Prof. Bernatzik among the Tonga. He described and photographed
Negrito men dancing in a fashion most unlike other known dances
of the peninsular groups. By the light of the full moon his
dancers jumped about " like devils from the jangle" in a fashion
reminiscent to him of African dancers. The men wore banana
leaves about their heads and had their faces painted with black
dots and stripes. Women reportedly beat skin drums and clapped
hands to the rhythm of the dance, while the men screamed, beat
their heels, moved stiff legged and jumped actively about. Oddly
however, Bernatzik's photographs of the dance shows men beating
the drums with no women evident.

Music in most conventional dances is supplied by bamboo
stampers in the fashion of the Senoi. The Negrito in Naratiwat
have adopted the Malay skin drum and metal gong and could give
me renditions of both Negrito and Malayan songs utilizing these
alien instruments. Rhythmic hand clapping is characteristic
accompaniment.

Schebesta feels that outside of Bernatzik's report on the
Tonga dancers that most, if not all, Negrito dances are copied
from the Senoi. This seems also true of the songs which now
include a repetoir of Malayan verses as well.

 

 

 

 

                  THE NEGRITO OF PENINSULAR THAILAND              153

 

Burial practices vary considerably with bodies rarely
thrown in rivers, more rarely left to lay on the ground while
the band flees, or placed in trees. They are normally buried
however.

King Chulalongkorn reported that among the Tonga the
body is only buried very superficially and that the people then
fled the area in fear of ghosts and tigers which fed on the bodies.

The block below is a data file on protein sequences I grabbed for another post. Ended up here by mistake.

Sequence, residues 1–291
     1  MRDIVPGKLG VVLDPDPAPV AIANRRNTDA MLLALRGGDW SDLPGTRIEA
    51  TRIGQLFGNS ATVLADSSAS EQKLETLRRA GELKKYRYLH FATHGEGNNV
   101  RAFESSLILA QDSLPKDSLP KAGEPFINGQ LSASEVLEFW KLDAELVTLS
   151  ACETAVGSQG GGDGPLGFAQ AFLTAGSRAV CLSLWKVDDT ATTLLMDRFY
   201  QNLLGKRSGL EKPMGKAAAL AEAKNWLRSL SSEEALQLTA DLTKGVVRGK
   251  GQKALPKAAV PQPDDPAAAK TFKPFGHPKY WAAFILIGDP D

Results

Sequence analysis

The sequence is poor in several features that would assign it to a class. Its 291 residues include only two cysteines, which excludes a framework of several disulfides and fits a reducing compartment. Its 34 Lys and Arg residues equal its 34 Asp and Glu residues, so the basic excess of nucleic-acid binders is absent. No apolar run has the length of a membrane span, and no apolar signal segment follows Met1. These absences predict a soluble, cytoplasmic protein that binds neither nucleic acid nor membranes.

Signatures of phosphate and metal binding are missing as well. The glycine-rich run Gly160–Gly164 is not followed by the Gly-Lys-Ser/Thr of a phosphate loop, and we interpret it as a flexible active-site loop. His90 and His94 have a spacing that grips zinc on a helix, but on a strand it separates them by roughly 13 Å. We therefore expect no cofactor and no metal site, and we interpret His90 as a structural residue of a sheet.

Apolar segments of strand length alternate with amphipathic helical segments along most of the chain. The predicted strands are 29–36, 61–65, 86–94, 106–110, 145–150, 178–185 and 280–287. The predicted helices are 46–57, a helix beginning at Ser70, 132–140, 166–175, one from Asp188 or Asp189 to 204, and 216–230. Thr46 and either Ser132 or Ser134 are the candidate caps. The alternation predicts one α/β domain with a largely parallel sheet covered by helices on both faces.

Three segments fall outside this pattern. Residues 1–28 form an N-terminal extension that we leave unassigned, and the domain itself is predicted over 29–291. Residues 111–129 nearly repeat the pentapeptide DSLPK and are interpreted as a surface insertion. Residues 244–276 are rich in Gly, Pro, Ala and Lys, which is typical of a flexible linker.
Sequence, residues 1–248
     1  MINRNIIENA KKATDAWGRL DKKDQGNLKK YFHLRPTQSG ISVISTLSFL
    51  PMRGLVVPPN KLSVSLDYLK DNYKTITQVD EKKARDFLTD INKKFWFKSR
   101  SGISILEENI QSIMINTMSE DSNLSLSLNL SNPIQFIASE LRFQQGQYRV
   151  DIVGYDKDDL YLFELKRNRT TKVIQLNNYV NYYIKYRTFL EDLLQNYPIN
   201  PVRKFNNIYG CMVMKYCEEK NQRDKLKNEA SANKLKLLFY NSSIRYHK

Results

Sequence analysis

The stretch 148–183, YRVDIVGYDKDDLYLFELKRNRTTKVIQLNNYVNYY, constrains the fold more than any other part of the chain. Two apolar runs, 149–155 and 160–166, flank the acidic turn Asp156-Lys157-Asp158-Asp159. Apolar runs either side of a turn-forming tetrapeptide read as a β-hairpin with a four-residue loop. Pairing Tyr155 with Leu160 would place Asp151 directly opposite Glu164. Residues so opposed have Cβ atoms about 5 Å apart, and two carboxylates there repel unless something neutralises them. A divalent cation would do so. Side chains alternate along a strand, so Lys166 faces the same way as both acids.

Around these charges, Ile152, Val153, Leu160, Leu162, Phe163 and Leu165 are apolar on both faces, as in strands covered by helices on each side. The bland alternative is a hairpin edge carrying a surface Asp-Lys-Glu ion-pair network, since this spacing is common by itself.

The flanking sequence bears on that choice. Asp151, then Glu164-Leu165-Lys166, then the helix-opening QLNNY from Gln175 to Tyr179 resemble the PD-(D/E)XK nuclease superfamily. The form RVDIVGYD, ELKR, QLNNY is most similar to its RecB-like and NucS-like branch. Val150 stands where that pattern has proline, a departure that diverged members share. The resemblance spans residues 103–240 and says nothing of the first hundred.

Among the Kensiu the bodies are wrapped in cloth and layed in
a shallow grave on their left side with legs pulled tightly up in
a crouch. Among the Kenta the body reportedly lies on the right
side. The head points towards the west or less commonly the
northwest.

The Kensiu mourn in the area for seven days after which
it is believed the ghost has left the area. Among the eastern
bands there does not seem to be fear of visiting grave sites.

The Jahai and Lanoh bury corpses straight with arms
next to the body. Williams-Hunt describes a Lanoh burial where
the body was placed with the legs drawn up and laid on it's right
side. The head is oriented toward the west. Although there is
no agitated crying at the grave, death wailing lasts for five days.
A windscreen is built over the grave. During the mourning
period, singing, dancing and wearing of decorative combs is tabu.
As among some western bands, food and water are left at the
grave and a death meal and death dance are held. After this
ceremony no one visits the grave again.

Powerful shamans are frequently given special burials.
Many of the eastern bands place the body of a shaman in a tree.
Some shamans, possessing Were-tiger abilities, are placed in trees
by the Jahai or are buried in a seated position with the head
above ground. The Kensiu bury such a personage in a conven-
tional manner but watch the grave for 3 days and 3 nights and
place food offerings on it.

 

 

 

 

 

154                                          John H. Brandt

 

Religion, Shamanism Magic:

A life after death is believed in by the Negrito but not
usually in reincarnation. However, King Chulalongkorn reported
that the Tonga believe in a soul called "ya" which awaits
reincarnation after death. If not reincarnated in six months it
becomes a ghost. This belief has not been recognized, except for
the Kensiu belief about reincarnation in bear and elephant, among
other groups, although a soul called variously "Rob" and "Badi"
is supposedly a soul born of animals but which can possess man.

"Souls" have various appearances and among the Lanoh
looks human. Among the Tonga however a "Soul's" face shines
like a glowworm. The Kensiu also believe it can only be seen